Monday, 29 September 2014

Code May Drive Modern Life, But The Colour Code Does Not.

Colour is a limiting descriptor

October is  Black History Month throughout the UK, but we should mind our language, because we are all more than just a colour!

In the old days it was Physics, Chemistry and Biology. Now we call it Science. In the old days , it was civil, mechanical and electronic engineering, now we call it Tech! In the old days
everything was colour coded including people, now the only code we talk of are the strings of instructions that drive programmes. Language should change to suit the needs, perceptions and understanding of the times.
Its time for the language describing people to change too. The idea of people as  "black", "white" or "brown" is just too limiting; way too yesterday to be meaningful. Once we impose a colour label on people we actually help create a problem we then have to solve. Invoke colour, and you invoke stereotypes based on recent political and social histories. In the hierarchy of modern times, white folk self perceive as superior , followed by the brown folk and orientals (once called Yellow - how cringe making is that ?),with the dear old black folk bringing up the rear at the foot of the totem pole of social worth. These stereotypes  prescribe how people should be perceived, and quickly become a self fulfilling prophecy in social and global outputs.



Different levels of worth according to the colour code

The lives of the rainbow coalition of humanity assume different levels of worth, and this is often reflected in official policy and its impacts in everything from the judicial system, through to international policy initiatives. So called "white" people seem to  behave as white people are expected to behave at one end,while black people do the same at the other. Even when they want to change, the tag of colour becomes an albatross round their respective necks.White people usually enjoying greater wealth and privilege, don't even notice others, until something goes seriously awry, like a riot, or a war! And until the parties read an article like this, all these dynamics seem to run in the background without anyone's conscious awareness or guidance. Its a kind of autopilot that few have front of mind at any time. Put Black people at the head of the totem pole and there is no reason to expect them to behave differently.  Nevertheless, the driver of behaviour is not colour for any group. Economics and the resulting politics are far more powerful drivers of behaviour than colour.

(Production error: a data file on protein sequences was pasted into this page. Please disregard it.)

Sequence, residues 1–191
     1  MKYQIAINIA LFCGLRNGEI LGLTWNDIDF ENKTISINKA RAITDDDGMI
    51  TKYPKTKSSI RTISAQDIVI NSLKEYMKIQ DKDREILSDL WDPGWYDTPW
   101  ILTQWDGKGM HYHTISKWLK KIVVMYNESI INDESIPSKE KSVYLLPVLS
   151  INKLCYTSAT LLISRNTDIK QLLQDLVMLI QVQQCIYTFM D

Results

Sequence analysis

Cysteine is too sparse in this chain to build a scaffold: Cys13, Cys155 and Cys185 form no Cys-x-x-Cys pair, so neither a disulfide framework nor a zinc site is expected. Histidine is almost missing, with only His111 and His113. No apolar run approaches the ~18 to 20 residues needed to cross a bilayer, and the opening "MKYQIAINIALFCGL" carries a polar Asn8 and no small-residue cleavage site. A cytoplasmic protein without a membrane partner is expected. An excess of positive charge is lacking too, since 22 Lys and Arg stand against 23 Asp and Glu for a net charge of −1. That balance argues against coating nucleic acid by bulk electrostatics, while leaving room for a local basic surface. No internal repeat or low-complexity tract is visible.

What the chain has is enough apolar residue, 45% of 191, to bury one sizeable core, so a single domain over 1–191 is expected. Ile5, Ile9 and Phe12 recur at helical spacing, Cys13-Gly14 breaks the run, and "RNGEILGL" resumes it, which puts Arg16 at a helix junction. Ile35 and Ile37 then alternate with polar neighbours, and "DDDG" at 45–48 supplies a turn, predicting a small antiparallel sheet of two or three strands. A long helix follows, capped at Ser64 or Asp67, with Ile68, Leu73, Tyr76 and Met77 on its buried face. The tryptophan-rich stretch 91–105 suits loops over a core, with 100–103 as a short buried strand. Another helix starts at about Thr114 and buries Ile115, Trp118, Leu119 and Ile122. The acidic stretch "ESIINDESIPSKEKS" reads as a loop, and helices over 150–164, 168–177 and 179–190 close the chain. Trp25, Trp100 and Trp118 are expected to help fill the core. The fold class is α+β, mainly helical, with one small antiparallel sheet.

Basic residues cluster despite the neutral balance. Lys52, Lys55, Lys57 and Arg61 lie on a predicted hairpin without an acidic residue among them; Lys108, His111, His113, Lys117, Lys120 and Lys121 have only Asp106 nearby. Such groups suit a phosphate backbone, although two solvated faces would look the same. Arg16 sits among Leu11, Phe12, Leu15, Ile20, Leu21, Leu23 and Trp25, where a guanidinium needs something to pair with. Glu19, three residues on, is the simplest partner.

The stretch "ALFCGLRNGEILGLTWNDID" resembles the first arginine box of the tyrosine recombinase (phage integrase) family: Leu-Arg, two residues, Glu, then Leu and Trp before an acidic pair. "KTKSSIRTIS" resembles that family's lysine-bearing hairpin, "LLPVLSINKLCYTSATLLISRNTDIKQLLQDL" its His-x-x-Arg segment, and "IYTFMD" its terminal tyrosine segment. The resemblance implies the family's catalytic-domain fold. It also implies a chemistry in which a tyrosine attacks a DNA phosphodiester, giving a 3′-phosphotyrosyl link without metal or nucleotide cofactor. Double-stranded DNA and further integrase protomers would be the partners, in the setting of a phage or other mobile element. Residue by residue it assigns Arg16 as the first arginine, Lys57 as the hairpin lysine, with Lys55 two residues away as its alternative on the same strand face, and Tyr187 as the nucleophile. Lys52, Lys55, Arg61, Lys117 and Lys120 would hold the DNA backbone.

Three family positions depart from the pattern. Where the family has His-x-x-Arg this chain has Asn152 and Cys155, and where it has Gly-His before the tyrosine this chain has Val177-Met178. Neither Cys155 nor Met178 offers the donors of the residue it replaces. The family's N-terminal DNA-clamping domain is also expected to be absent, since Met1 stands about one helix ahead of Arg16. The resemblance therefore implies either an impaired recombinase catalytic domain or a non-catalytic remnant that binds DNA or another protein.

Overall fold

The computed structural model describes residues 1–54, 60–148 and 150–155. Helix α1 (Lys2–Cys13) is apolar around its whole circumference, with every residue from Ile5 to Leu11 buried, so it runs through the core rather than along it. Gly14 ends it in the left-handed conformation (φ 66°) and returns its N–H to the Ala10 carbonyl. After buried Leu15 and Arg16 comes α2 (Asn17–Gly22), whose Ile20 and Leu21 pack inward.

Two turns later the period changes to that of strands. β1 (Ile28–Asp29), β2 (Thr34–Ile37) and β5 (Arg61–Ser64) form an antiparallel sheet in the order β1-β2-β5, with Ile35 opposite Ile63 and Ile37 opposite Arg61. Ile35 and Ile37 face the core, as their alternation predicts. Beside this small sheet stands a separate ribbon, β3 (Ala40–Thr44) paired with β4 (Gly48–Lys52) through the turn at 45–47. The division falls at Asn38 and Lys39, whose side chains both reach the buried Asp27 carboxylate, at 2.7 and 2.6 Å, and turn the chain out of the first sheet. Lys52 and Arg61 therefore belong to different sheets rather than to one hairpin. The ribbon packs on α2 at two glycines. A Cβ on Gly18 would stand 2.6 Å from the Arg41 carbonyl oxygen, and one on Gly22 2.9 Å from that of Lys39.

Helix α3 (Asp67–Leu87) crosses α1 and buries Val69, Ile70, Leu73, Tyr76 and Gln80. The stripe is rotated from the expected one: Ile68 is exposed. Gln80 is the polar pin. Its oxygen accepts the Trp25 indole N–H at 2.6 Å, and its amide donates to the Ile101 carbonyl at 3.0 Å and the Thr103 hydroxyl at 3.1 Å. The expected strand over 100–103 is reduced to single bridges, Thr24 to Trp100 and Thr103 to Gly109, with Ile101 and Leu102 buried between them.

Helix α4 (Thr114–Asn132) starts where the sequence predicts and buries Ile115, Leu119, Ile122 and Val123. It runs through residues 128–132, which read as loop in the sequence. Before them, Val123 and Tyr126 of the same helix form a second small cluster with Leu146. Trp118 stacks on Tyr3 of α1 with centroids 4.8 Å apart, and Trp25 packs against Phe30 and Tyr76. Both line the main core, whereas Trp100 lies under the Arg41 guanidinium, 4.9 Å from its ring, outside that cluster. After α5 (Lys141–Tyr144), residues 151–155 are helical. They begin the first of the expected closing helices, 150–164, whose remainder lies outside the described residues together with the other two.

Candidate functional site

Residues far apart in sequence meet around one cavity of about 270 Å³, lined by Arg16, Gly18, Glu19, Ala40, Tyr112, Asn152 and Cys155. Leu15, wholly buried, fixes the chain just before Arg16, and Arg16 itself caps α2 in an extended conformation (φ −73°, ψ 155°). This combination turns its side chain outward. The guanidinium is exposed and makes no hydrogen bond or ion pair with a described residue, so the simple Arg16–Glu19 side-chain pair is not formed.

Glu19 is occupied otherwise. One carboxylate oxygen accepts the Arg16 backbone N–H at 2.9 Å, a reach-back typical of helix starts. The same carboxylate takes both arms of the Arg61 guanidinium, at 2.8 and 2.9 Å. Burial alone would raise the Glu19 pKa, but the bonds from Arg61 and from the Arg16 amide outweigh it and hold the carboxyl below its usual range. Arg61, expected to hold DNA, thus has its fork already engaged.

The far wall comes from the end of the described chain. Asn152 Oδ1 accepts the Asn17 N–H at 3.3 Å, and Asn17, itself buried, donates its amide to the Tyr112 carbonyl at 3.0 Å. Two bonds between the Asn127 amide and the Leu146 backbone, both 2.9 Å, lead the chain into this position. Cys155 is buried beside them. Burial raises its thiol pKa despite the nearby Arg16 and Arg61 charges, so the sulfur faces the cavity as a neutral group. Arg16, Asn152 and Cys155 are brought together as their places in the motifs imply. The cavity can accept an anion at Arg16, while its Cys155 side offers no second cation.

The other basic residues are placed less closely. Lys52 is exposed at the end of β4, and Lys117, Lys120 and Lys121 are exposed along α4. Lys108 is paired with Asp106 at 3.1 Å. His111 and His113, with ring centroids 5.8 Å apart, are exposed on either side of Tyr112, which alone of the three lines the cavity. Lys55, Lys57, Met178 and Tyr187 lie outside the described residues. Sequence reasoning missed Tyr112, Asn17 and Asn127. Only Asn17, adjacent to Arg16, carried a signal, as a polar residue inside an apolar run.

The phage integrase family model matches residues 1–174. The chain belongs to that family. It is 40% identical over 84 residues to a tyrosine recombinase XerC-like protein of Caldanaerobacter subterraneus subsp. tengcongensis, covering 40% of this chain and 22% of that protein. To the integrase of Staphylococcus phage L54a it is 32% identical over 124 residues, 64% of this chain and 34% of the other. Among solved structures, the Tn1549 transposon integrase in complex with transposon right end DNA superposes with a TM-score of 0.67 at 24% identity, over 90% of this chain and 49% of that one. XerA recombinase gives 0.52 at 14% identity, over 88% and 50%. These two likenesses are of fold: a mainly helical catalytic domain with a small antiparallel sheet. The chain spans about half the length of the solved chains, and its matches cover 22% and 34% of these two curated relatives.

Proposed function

If you're not "black" or a council worker during October's "Black History Month", or an executive in an enterprise that's been approached for sponsorship of a "Black History Month" activity, it will likely fly blithely under your radar. The month has become an increasing non-event year on year and I'm sure the moniker we give it is in part to blame. I can see everyone shouting about Fashion Revolution, or Bringing Back our Girls or, Standing up for Cancer. I can't however, hear any but the die hard "community activists", long a dying breed, getting excited about Black History Month.



Geography is a far bigger driver of behaviour

 I'd be tagged as black , but the colour of my skin drives nothing in my life. Even the genes I carry and my physiology, are probably more the result of my geographical origins than my colour. Colour does not affect the way I think, the way I feel, or the way I behave. Those things are driven a lot more by where I've lived, the kind of upbringing I had, and a thousand formative experiences related more to time, place, geography, education and life philosophy. Thus I struggle with the value of the title "Black" History month. Its the wrong label. The label should have a lot more to do with the geography and history of the human ideas and histories recounted or reviewed in "Black History Month". 

The air war Britain is already involved in is abou
t economics and geo-politics. It is being framed as a religious war by those who need the PR mileage such framing confers. This would be analogous to say a hyper active thyroid being diagnosed as a nutritional problem because the victim presents with weight loss. Without the right language, we look for the wrong solutions and misdirect our efforts.

So forget the colour spectrum, I'm going for the human spectrum. Join me if you dare! Call it African Diaspora Month. Its far more descriptive, or can you suggest a better name?